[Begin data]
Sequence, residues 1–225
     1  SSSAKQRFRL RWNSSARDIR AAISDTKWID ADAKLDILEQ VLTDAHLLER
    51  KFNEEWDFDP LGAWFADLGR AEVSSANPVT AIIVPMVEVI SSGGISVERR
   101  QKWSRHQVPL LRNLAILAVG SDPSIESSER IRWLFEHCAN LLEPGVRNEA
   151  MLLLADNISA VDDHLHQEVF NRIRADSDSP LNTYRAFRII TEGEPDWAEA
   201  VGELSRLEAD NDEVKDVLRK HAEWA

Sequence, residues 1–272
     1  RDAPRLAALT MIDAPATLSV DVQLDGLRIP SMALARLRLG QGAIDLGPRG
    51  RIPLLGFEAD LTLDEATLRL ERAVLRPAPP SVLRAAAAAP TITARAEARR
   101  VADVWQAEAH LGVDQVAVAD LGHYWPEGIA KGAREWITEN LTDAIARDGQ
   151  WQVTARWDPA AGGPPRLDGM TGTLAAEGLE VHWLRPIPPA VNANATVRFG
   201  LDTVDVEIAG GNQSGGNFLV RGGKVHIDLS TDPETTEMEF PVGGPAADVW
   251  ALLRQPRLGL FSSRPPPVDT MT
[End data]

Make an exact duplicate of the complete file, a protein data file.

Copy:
Sequence, residues 1–225
     1  SSSAKQRFRL RWNSSARDIR AAISDTKWID ADAKLDILEQ VLTDAHLLER
    51  KFNEEWDFDP LGAWFADLGR AEVSSANPVT AIIVPMVEVI SSGGISVERR
   101  QKWSRHQVPL LRNLAILAVG SDPSIESSER IRWLFEHCAN LLEPGVRNEA
   151  MLLLADNISA VDDHLHQEVF NRIRADSDSP LNTYRAFRII TEGEPDWAEA
   201  VGELSRLEAD NDEVKDVLRK HAEWA

Sequence, residues 1–272
     1  RDAPRLAALT MIDAPATLSV DVQLDGLRIP SMALARLRLG QGAIDLGPRG
    51  RIPLLGFEAD LTLDEATLRL ERAVLRPAPP SVLRAAAAAP TITARAEARR
   101  VADVWQAEAH LGVDQVAVAD LGHYWPEGIA KGAREWITEN LTDAIARDGQ
   151  WQVTARWDPA AGGPPRLDGM TGTLAAEGLE VHWLRPIPPA VNANATVRFG
   201  LDTVDVEIAG GNQSGGNFLV RGGKVHIDLS TDPETTEMEF PVGGPAADVW
   251  ALLRQPRLGL FSSRPPPVDT MT